Stateways March April 2018

StateWays is the only magazine exclusively covering the control state system within the beverage alcohol industry, with annual updates from liquor control commissions and alcohol control boards and yearly fiscal reporting from control jurisdictions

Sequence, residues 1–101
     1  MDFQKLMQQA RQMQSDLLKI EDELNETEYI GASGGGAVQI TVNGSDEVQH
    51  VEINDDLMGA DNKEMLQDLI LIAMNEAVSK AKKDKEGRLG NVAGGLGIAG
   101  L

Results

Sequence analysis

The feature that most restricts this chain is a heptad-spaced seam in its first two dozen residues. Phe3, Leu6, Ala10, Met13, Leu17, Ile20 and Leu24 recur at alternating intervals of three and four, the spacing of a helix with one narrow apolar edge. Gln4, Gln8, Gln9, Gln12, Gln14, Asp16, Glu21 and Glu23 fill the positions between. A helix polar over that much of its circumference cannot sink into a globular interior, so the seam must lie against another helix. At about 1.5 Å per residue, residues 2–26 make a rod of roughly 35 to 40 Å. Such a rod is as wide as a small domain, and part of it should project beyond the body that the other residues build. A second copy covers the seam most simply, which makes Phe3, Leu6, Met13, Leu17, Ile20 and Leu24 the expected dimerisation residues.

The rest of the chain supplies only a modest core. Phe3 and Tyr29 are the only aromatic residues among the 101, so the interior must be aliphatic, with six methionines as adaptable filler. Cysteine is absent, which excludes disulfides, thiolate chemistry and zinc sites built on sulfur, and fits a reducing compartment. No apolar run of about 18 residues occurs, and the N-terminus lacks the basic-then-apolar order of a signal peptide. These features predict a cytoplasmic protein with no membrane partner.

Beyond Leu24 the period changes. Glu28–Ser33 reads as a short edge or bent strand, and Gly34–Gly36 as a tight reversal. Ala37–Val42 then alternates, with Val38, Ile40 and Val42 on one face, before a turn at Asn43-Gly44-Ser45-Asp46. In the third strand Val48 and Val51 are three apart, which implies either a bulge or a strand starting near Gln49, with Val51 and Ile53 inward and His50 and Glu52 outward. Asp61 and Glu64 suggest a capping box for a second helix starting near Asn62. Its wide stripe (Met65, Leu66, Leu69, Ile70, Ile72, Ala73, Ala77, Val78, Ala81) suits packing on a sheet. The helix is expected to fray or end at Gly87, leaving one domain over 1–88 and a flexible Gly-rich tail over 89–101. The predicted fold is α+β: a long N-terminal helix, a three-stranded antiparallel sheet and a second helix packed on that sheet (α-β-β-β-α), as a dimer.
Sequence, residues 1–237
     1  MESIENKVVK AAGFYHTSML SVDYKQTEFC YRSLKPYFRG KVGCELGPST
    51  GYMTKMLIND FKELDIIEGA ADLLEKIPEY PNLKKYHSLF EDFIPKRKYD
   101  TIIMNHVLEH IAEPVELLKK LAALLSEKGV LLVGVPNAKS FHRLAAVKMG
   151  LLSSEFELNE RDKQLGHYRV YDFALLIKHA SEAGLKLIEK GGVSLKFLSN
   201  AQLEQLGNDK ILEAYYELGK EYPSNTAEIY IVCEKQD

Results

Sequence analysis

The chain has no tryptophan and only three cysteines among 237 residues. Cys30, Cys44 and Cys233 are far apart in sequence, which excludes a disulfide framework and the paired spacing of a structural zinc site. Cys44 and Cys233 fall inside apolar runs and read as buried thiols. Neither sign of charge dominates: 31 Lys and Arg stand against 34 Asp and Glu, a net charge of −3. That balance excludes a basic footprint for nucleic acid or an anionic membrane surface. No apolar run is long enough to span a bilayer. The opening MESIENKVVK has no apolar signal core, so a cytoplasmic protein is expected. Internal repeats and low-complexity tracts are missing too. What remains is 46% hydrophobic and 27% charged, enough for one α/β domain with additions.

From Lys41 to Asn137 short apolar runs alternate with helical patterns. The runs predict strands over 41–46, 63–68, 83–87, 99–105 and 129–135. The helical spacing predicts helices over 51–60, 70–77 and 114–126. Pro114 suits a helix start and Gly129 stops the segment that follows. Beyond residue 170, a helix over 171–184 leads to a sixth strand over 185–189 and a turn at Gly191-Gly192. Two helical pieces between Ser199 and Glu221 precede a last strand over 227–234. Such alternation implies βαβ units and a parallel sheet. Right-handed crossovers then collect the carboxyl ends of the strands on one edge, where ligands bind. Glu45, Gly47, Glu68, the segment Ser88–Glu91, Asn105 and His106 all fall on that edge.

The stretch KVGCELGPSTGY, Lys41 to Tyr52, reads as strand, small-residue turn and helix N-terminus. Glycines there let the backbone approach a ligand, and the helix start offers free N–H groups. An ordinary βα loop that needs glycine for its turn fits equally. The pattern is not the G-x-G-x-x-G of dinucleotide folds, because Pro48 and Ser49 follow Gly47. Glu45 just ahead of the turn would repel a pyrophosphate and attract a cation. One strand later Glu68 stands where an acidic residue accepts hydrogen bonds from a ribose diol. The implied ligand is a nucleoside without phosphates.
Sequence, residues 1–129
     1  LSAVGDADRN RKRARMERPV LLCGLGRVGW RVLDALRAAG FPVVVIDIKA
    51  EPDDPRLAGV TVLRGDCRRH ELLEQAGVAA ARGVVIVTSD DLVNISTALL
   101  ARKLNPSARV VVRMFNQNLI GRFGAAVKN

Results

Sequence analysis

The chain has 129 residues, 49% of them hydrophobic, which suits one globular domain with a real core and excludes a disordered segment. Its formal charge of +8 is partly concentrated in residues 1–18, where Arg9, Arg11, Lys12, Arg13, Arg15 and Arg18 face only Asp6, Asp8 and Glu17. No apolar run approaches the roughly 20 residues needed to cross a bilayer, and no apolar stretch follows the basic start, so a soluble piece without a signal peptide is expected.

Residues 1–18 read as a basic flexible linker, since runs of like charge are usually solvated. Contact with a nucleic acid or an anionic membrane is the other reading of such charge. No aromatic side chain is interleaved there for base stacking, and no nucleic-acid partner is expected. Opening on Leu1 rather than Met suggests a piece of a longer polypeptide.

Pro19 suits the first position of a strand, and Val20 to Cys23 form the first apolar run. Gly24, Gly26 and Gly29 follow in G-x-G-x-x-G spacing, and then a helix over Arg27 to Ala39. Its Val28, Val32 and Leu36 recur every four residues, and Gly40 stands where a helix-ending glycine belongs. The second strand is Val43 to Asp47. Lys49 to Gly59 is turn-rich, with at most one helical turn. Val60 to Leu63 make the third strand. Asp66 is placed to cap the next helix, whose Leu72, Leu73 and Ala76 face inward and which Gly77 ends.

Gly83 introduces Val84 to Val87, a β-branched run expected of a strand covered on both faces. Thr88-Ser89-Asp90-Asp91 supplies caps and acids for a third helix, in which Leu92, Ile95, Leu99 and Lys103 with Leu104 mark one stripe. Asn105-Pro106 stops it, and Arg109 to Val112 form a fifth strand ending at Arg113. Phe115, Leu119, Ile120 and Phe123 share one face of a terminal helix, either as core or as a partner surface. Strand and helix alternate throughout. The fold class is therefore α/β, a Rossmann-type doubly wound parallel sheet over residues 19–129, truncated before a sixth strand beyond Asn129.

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StateWays | | March/April 2018 43 crafted from espadin agave (the original is from the cupreata vari- ety), meant to compete at a lower price point, Marcus says. "It's a bit lighter on the smoke with a nice citrus fi nish." "Mezcal is growing crazy; that section of our store has really expanded," says Ryan Bolton, spirits specialist at Hi-Time Wine Cellars in Costa Mesa, CA. "It started with cocktails, but now people are sipping them, especially the high-end expressions." "Using mezcal in cocktails is a great way to expose people to its complex fl avor profi le and drive growth," says Shem Blum, brand manager for Montelobos Mezcal and Ancho Reyes Liqueur at William Grant & Sons. "Addi- tionally, the artisanal mezcals that are driving the category have a rich history, which appeals to today's con- sumers who are engaging with spirits with authentic provenance." While the original Montelobos is produced from or- ganic espadin agave, the company is launch- ing Montelobos Tobalá, made from the rare tobalá varietal of agave. "As agave continues to surge in popularity, I'm sure less- er-known agave distillates will begin to garner greater awareness," adds Blum, speaking of sotol, bacanora and raicilla. "We just started carrying a sotol brand and have booked some in-store tastings; I think it will be well-received," says Steve Huang, general manager at Sterling Grapes & Grains in Brooklyn, NY. The retailer stocks 10 mezcals, which are selling very well, he adds. "Customers who are already into Tequila want to explore further." "Bacanora, sotol—used to be we couldn't give them away; no one knew what they were," recalls Keeper. Now the retailer carries a good representative selection of those other agaves. MHW has been working with Hacienda de Chihuahua Sotol for over 10 years. "While this agave distillate category remains small, brands like Hacienda de Chihuahua Sotol grow their vol- ume and consumer base consistently every year. All agave distil- lates will benefi t from the tequila and mezcal growth trends as consumers get more curious as to agave-affi l- iated options and stories," Beaudette says. One of the pioneers of artisanal mezcal and cur- rently the top seller in the U.S. market is Del Ma- guey Single Village Mezcal. Last year Pernod Ricard acquired a majority stake in the company, while retaining founder Ron Cooper and his team. Re- cently Del Maguey launched an edition of its Vino de Mezcal series made from Wild Jabali. Later in 2018, a new Tobasiche Mezcal will debut. One of the challenges for the category is sustain- ability of the agave plants, which can take decades to mature. "Upholding sustainable practices must be a front- of-the-mind concern to ensure the future of the pro- ducers and the category," says Misty Kalkofen, Madrina for Del Maguey. "Respect must be paid to the wisdom of the producers in regards to the traditional farming methods, crop maintenance and production processes that have supported the health of the land and the culture of the community for hundreds of years. At the same time, we need to introduce technologies that can assist in the preservation of resources such as solar power. Finally, issues of economic and social sustainability must be weighted equally with the concern for the environment." EXPLORING SOUTH AMERICA Like Mexico, South America has its own bibulous traditions in pisco (the brandy native to Peru and Chile) and cachaca, Brazil's national spirit distilled from sugarcane juice. Both have a growing presence in the U.S. market largely due to the popularity of cocktails—the Pisco Sour and the Caipirinha. Also emerging on the American scene is singani, a brandy indigenous to Bolivia. "The Pisco Sour is a sexy cocktail—with the egg white foam and bitters on top," Keeper notes. Thanks to that cocktail, pisco is sell- ing well at his store. But customers are also sipping them. "People are savvy about the varietal expressions, the grape varieties." "There are three main movements that have recently increased the popularity of Peruvian pisco with the trade and consumer," says Tony Matchus, chief operating offi cer of Pisco Porton LLC. He cites the craft cocktail movement, which is now looking for alter- natives to clear spirits for mixing. "Peruvian Pisco, 'the fi fth white spirit,' provides the necessary versatility in cocktail creation while also allowing for "neat" consumption—a manner that is traditionally Peruvian." Also, Peru has become a tourist destination that's led to the discovery of Peruvian cuisine, a phenomenon that has migrated to the U.S. "Peruvian pisco, with its three styles, lends itself to accompanying many different dishes." And fi nally, Matchus points out, Peruvian pisco is an all-natural product. Strict DOC laws call for single distillation from fresh wine during harvest, with no water added, no sugar added, no aging in a barrel and minimum resting periods of three months. Each vin- tage is a different expression with a unique personality, Matchus says. Porton is pro- duced at Hacienda La Caravedo, founded in 1684, which has been producing pisco for 334 years. This year, the company will launch a new global brand called "Cara- vedo," refl ecting the company's provenance. Although the TTB recognizes pisco as a brandy coming from either Peru or Chile, harvest, with no water added, no sugar resting periods of three months. Each vin- "Using mezcal in cockails is a grea way o expose people o is complex flavor profile and drive growh." - SHEM BLUM, BRAND MANAGER FOR MONTELOBOS MEZCAL

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